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"Hillbilly Elegy: A Memoir of a Family and Culture in Crisis" By J.D. Vance

“Hillbilly Elegy: A Memoir of a Family and Culture in Crisis’

Author: J.D. Vance

Publisher: HarperCollins             

Pages: 272

Price: $ 27.00 (Hardcover)

“Hillbilly Elegy” has recently attracted a load of attention, partly by fortunate timing.

The book is, first, a conventional memoir. J.D. Vance tells the story of his life.

Second, it is a report on a subculture in American society, the Scots-Irish, more or less, of Appalachia and the industrial Midwest, where many residents of Kentucky moved a couple of generations ago for good jobs in factories which have now mostly closed, leaving them trapped. But they did not escape Kentucky culture; they brought it with them.

Third, although Donald Trump is not mentioned, might there be clues here to the Trump phenomenon? These are angry whites. Will readers learn why they support Trump? Basically, no.

Vance’s life story is well told. His grandparents, Papaw and Mamaw, migrated, with thousands of their landsmen, from Kentucky hollers to Ohio factory towns, looking for the better life.

Factories recruited them, sometimes from specific towns, even from extended families, to work in the same shop. This made for some cultural comfort and for continuity, not all of it good.

(This is not so unusual. One might learn, for example, that many of the Greeks in a given American city emigrated from the same Aegean island.)

Vance’s personal story is a bloody train wreck with a happy ending. Raised in a madly dysfunctional home, he endured his mother’s alcoholism, drug addiction, rehabs, poor mental health, rages and a succession of men, five of whom she married. At 14, Vance was taken in by Mamaw.

(By the way, Vance tells us, authoritatively, hillbillies, and only hillbillies, use Mamaw exclusively –never Granny, Grandma, and so on. I take his word for it.)

Mamaw was no angel. Herself pregnant at 13, she was tough, obscene and violent. When Papaw came home drunk one time too many and passed out on the couch, she poured gasoline on him and set him on fire, but she gave Vance a stable home and insisted he study.

After high school and the Marine Corps, Vance, now a more confident adult, graduated from Ohio State and Yale law. He had exchanged “learned helplessness” for “willfulness,” for “control.”

Vance knows his people and is brutally honest about their virtues and faults, their irrationality and contradictions.

In their violent “honor culture,” going to the law is frowned on. These are the Hatfields and McCoys, literally.

There is ferocious family loyalty, but “Our homes are a chaotic mess.” Husbands are often unfaithful and abusive and parents often neglectful of their children. “Marriage conflict resolution” is screaming insults. “It’s okay to slap and punch, so long as the man doesn’t hit first.” The stress of domestic violence traumatizes children permanently.

When asked, hillbillies profess powerful Christian religious beliefs but “Appalachia—especially northern Alabama …. has far lower church attendance than the Midwest, parts of the Mountain West and much of the space between Michigan and Montana.”

When asked about churchgoing, people lie.

Folks “blather on,” extolling Hard Work while gaming their welfare system. Vance says: “you can walk through a town where 30 percent of the young men work fewer than twenty hours a week and find not a single person aware of his own laziness.” “[M]any folks talk about working more than they work,” often losing or quitting jobs if the work is tedious or starts too early in the morning.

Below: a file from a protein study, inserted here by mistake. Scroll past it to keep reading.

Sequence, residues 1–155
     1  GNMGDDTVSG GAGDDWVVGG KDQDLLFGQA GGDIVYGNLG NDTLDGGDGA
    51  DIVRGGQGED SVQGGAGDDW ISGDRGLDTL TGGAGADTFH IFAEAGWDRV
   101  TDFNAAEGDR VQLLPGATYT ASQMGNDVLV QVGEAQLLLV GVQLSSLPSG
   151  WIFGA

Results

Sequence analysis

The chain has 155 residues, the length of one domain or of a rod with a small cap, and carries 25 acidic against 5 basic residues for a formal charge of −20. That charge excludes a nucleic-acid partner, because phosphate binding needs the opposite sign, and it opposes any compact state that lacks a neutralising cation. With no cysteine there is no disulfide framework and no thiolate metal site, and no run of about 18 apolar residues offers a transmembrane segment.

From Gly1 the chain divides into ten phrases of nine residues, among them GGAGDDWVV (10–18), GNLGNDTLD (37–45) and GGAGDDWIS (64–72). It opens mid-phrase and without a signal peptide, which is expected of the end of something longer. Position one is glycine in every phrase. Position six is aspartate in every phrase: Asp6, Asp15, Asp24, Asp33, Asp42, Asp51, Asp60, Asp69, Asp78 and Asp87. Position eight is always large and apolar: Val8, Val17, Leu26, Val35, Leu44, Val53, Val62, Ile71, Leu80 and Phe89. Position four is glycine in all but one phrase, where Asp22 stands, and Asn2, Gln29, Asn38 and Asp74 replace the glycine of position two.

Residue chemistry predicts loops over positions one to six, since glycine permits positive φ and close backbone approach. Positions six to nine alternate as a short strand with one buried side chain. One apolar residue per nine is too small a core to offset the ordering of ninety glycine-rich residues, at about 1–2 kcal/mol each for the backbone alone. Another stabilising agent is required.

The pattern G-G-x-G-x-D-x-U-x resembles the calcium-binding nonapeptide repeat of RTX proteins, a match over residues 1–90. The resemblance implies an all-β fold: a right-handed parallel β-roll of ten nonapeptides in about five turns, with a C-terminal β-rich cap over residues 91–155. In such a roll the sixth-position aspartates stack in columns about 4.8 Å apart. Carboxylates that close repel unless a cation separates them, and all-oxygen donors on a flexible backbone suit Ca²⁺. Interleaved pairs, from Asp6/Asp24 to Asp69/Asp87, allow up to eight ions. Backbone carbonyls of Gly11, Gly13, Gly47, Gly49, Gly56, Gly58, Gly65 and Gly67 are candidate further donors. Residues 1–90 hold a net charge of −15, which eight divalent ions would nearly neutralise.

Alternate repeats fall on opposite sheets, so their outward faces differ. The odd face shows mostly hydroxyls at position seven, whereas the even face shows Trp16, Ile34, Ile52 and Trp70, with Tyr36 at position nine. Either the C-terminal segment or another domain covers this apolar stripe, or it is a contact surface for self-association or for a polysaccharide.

Men don’t do women’s work –and that includes a lot of jobs.

The list goes on.

Hillbillies are patriotic but not active citizens.

Money is handled badly, with little saving, much splurging on luxuries, giant TV’s and so on.

Organized exercise is nonexistent. Eating habits are dreadful. “We rarely cook.” Instead, there are “Pillsbury cinnamon rolls for breakfast, Taco Bell for lunch, and McDonald’s for dinner.” New to me was “Mountain Dew mouth”: rotten teeth from a lifetime consumption of soda.

The culture is plagued by suicide and heroin overdose.

Vance does not blame the schools or teachers. They did their best. Although he describes himself as a conservative, Vance disagrees with those who say: “It’s not your fault that you’re a loser. It’s the government’s fault,” even though he believes liberal programs, however well-intentioned, have not helped much.

His answer?

The people in the “hillbilly” culture must recognize their culture is in collapse, and save it themselves. Marry and raise the children together. Make fewer excuses; exercise more responsibility. He’s not too optimistic.

No piece of legislation will fix this; it is not a Rubik’s cube problem to be solved, although he offers one idea. Neighborhoods should be mixed, not segregated by income in “a bigger pool of hopelessness,” so children might see successful, functioning families in everyday life and see that choices matter. The best idea in the short run is to identify promising individuals and save them, as he was saved by Mamaw and a few other caring mentors.

Don Noble is host of the Alabama Public Television literary interview show “Bookmark with Don Noble.” 

Don Noble , Ph. D. Chapel Hill, Prof of English, Emeritus, taught American literature at UA for 32 years. He has been the host of the APTV literary interview show "Bookmark" since 1988 and has broadcast a weekly book review for APR since November of 2001, so far about 850 reviews. Noble is the editor of four anthologies of Alabama fiction and the winner of the Alabama state prizes for literary scholarship, service to the humanities and the Governor's Arts Award.
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